Piperine has known central nervous system (CNS) depressant effects. (12, 13)

Finally, since piperine is a component of black pepper, consumers with a known allergy or hypersensitivity to black pepper should avoid piperine.

BIOMOR™ Curcumin contains no piperine. Top

Production-Coating-Additives: STEARATES

BIOMOR™ CURCUMIN Contains NO STEARATES

BIOMOR™ CURCUMIN is manufactured without using stearates.

Stearates (including magnesium stearate) are hydrogenated oils added at production as a flowing agent, to save manufacturing costs. These fatty substances coat every particle of curcumin, so the particles flow rapidly through machinery. Do the production-coating-oils compromise bioavailability? Maybe, and that's why BIOMOR™ CURCUMIN is manufactured without using stearates. It's all about what your body can absorb and BIOMOR™ CURCUMIN is simply the best curcumin available. Top

Warning About Synthetics Found

Petroleum-Based Synthetic Curcumin
Sold as Natural

Radio-carbon-dating testing by the University of Georgia shows various commercially available "natural" curcumin supplements are not all-natural, but are mixed with synthetic, petroleum-derived curcumin.

BIOMOR™ CURCUMIN is ALL-NATURAL

The patented manufacturing method uses a specific ratio of all-turmeric-derived curcuminoids with a high content of sesquiterpenoids (turmeric-derived essential oil compounds). (24)

Why does it matter?

There are physical and pharmacological differences: Natural curcumin is extracted from the turmeric plant, whereas synthetic curcumin is made from petroleum-based chemicals. Natural curcumin contains naturally-formed compounds of curcuminoid molecules bonded with small portions of other helper-compounds in turmeric. Synthetic curcumin may copy three curcuminoids, or only one, or two. The artificial molecules lack any synergistic helper-compounds found in the turmeric plant. Most importantly, synthetic curcumin has no record of long-term safe use, nor are there studies showing whether it is beneficial in the same manner as natural curcumin for health.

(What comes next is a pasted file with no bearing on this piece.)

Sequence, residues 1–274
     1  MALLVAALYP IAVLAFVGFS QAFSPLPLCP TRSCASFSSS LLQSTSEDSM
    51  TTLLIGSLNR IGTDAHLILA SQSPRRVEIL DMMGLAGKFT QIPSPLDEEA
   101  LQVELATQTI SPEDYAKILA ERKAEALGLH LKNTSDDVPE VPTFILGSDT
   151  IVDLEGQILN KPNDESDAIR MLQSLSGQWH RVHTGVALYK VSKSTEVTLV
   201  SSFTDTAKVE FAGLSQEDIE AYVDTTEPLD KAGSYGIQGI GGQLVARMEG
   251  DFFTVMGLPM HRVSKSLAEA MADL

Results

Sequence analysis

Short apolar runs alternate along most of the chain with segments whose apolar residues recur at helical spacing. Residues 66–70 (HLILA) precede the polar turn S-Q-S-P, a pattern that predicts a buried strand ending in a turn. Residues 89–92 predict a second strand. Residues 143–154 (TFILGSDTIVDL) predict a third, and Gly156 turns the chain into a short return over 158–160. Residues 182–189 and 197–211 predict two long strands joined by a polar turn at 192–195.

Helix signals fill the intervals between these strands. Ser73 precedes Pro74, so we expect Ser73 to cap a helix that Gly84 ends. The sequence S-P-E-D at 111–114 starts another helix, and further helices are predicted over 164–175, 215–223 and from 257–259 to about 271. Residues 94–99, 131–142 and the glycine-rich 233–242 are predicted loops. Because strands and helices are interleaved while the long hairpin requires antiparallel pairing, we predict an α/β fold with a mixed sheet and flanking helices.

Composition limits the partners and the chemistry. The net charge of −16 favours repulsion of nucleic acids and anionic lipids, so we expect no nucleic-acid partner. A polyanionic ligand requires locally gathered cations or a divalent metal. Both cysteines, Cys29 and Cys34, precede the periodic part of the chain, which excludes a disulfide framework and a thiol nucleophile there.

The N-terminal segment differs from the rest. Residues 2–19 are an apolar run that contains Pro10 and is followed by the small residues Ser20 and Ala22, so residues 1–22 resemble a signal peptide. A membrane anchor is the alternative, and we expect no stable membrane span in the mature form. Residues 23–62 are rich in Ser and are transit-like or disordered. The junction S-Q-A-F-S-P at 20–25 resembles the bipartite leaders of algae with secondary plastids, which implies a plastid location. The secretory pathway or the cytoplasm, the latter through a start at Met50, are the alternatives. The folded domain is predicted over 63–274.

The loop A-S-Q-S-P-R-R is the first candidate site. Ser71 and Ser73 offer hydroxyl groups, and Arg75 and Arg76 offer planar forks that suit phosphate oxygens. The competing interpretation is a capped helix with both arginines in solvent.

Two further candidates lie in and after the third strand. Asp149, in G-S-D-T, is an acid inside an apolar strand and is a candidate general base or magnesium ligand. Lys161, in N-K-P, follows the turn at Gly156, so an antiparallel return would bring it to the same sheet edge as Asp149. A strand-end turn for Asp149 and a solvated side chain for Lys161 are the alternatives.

Is Curcumin Proven Safe?

Yes: Safety evaluation studies show curcumin is well tolerated at very high doses without any adverse effects. For centuries, curcumin has been consumed as a dietary spice at doses up to 100 mg per day. Recent human clinical trials found no toxicity and no adverse side effects in curcumin when administered at doses of 8,000 milligrams per day for three months. (1, 15)

CAUTIONS:

Use during chemotherapy should only be performed under the direct supervision of a qualified medical practitioner

Caution is advised in patients with bleeding disorders or taking drugs that may increase the risk of bleeding. Dosing adjustments may be necessary. Curcumin should be stopped prior to scheduled surgery.

Reported adverse reactions have been limited to mild gastrointestinal distress, which may be minimized by consuming curcumin with food.

CONTRAINDICATIONS:

Early animal studies show curcumin may decrease the occurrence of gallstones. Limited human research suggests that curcumin may stimulate squeezing (contraction) of the gallbladder and stimulate bile flow. But because of a lack of reliable human studies, the use of curcumin may be inadvisable in patients with active gallstones or obstruction of the bile passages. First consult with a qualified practitioner. (7)

Even though many herbs and medicinal plants contain various biologically active compounds that may trigger side effects and interact with other herbs, supplements or medications, curcumin (without piperine) is considered very safe. (1)

From the large number of studies conducted, curcumin has developed a flawless safety record. In fact, researchers are impressed with the absence of toxicity associated with turmeric and its components and therefore conclude it's superior to many contemporary medications. (1)

(Click here for warnings about additives.) Top

Toxicity Study on BIOMOR™ Curcumin

The results of the study show ingestion of high doses of BIOMOR™ Curcumin is safe and nontoxic. There were no significant changes in hematological and biochemical parameters. Interestingly, this study found a healthy decrease in serum cholesterol. (10) Top

  • SOURCES: